The Cable

State Department bussed third party crasher to State dinner

The State Department shuttled the newly revealed third State Dinner party crasher from a local Washington hotel to the White House and aided his entry, State Department sources said Thursday.

The third crasher, whose existence was announced by the Secret Service Monday, snuck into a group of Indian businessmen who had been given State Department logistical assistance at the request of the Indian Embassy, a State Department official said.

"Apparently it was a group of Indian CEOs who were at this hotel. They were people who were important to us and important to the embassy, so they asked for us to facilitate their travel to the White House," the official said, adding that the third crasher was believed to be an American citizen.

It's not common for the State Department to cart foreign businessmen around Washington, the official said, adding that it was not clear how much government resources were used.

The Secret Service released a statement Monday stating that the third crasher did gain entry to the dinner, did go through security, but did not have any interactions with President Obama.

"This is now a matter that's under investigation, it's a very serious ongoing criminal investigation," State Department spokesman Ian Kelly told reporters Monday.

"Apparently there was a group that was under our responsibility that went from a local hotel to the White House, and there was a person that was not authorized to be in that group that inserted himself or herself into that group."

The Cable

European delegation cancels planned trip to Iran

An 11-person delegation from the European Union will not visit Iran this week as planned, due to the tension and uncertainty surrounding the continued violence there.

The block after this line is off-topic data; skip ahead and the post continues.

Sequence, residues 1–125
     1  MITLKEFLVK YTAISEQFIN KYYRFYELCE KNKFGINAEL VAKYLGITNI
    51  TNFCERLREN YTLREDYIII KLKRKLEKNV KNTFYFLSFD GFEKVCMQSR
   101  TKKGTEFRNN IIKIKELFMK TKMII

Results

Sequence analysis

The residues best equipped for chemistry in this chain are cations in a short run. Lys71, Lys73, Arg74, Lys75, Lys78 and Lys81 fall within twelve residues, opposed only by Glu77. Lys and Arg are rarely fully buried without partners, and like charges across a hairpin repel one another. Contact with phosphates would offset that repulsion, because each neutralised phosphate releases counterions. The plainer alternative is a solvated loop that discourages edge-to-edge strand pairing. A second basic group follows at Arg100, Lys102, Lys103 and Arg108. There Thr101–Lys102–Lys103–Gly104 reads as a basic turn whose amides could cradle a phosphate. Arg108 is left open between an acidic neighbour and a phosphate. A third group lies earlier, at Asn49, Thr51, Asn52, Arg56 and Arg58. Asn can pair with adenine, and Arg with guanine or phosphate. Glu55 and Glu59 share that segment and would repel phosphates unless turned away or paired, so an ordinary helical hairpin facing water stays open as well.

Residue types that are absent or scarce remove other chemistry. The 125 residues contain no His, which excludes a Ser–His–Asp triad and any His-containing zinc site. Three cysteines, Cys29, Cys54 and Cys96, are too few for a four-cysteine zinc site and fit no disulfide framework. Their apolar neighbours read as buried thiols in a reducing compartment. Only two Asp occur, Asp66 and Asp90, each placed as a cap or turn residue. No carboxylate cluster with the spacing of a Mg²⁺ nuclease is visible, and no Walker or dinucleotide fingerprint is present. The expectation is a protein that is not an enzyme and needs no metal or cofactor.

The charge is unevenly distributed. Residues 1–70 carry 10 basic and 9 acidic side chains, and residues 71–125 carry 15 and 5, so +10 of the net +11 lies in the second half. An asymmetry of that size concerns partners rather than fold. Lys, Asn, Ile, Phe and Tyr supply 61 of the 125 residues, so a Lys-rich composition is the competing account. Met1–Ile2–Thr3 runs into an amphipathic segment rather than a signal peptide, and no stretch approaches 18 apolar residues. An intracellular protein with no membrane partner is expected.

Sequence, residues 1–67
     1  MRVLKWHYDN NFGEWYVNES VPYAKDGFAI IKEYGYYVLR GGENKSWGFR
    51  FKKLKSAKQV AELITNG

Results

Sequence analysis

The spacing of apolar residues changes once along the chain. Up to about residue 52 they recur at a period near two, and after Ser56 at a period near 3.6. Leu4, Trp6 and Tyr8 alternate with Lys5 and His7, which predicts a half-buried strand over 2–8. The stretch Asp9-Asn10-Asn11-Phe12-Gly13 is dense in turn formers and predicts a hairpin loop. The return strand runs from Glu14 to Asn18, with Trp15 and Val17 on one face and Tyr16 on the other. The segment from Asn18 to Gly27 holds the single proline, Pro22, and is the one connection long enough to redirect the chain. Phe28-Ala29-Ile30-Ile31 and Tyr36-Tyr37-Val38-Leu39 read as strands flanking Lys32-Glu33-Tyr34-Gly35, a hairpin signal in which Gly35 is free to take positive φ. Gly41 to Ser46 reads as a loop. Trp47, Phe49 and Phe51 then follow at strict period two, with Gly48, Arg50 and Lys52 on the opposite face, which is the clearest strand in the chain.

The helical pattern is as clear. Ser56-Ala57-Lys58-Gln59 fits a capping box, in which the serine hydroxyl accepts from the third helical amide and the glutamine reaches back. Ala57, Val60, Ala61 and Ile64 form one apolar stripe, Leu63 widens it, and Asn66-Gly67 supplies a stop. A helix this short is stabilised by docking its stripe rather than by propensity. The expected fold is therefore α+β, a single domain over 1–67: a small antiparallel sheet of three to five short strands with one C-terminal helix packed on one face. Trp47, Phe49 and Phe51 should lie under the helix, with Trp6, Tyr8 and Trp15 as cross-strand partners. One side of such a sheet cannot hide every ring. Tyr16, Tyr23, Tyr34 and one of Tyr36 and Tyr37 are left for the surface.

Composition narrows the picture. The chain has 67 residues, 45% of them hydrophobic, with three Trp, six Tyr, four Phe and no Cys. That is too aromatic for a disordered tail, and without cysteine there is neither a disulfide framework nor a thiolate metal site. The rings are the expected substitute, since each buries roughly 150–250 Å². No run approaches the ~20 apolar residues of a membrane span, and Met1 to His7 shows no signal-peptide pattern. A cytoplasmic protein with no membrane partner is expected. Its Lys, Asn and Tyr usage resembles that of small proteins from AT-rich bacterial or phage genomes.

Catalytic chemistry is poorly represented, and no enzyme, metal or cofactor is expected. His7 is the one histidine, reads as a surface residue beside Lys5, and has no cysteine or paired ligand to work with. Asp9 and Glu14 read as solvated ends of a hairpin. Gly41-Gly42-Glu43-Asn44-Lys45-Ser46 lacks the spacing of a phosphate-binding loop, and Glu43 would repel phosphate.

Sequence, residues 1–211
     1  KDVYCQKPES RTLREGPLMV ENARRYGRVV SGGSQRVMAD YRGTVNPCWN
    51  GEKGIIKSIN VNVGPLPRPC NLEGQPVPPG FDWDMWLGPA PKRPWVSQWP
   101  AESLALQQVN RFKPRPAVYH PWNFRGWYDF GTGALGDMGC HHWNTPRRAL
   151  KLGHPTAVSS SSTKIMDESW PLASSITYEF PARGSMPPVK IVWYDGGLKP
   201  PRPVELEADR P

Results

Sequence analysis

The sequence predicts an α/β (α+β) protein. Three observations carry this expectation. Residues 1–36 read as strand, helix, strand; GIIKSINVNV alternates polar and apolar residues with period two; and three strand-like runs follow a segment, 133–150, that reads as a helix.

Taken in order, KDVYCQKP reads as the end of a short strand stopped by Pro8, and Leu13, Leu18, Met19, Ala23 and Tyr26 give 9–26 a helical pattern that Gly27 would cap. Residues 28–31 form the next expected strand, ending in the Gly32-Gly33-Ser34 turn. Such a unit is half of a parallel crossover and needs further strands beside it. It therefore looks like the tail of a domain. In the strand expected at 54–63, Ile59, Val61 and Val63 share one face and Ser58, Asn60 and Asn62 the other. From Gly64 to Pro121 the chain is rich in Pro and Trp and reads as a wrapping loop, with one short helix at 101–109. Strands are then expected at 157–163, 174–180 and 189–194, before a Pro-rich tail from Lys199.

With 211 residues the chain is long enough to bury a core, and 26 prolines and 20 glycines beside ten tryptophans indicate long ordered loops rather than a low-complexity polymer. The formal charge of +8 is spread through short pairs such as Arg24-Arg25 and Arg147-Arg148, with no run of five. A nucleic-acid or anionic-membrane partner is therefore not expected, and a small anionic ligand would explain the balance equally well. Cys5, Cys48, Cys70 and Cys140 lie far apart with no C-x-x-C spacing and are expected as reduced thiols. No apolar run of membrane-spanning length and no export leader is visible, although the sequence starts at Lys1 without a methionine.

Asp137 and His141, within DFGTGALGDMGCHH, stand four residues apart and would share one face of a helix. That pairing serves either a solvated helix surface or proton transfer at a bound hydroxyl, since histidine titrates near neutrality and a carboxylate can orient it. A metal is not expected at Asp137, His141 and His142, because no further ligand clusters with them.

The news was announced by Iranian Foreign Ministry spokesman Ramin Mehmanparast as a decision "by mutual agreement," but several of the delegation members had already announced their intention to abandon the planned trip, in which European parliamentarians were set to meet with Iranian lawmakers and human rights representatives.

"At the time blood is flowing on the streets of Iran we cannot remain indifferent but it rather upsets and worries us. For this reason we decided to send a signal to the international community, as a protest we will not join a visit already planned by the ‘Delegation for Relations with Iran' on 7 January to Tehran. Before thinking about such openings and any kind of dialogue, the priority is to stop the violence," said Italian lawmakers Scurria Marco, Salvatore Tatarella, and Potito Salatta in a Dec. 28 press release.

The decision is being seen among many as a sign that even the left of the European Iran-watching community is now coming to the realization that engagement of the Iranian regime is not palatable now and the move to the pressure track is the most appropriate way forward.

"We believe that the Iranian government does not deserve any form of opening, but only a strong condemnation, the same expressed by the United States and several European countries," the Italian lawmakers wrote. "Dialogue is impossible as long as the opposition is soaked in blood and the civil rights have been reduced to waste paper."

Also on Dec. 28, the European parliament group "Friends of a Free Iran" put out a press release condemning the violence and noting that the protestors no longer chant against the West, but rather against Ayatollah Ali Khamenei, who they said should no longer be engaged.

"The uprising in Iran shows that the clerical regime is on its way out. Negotiations and trade with, and appeasement of the medieval regime are futile and will only embolden the mullahs in their suppression and killing of the Iranian people," the group, which as of 2006 consisted of MEPs Alejo Vidal Quadras, Paulo Casaca, Andre Brie, and Struan Stevenson, wrote.

More than a dozen U.S. lawmakers had written a letter to protest the EU trip to Iran. Senate Foreign Relations Committee Chairman John Kerry, D-MA, had also been rumored to be trying to go to Iran. Kerry has denied he is going, but the Iranian government has said it received a request from him and now has apparently rejected it.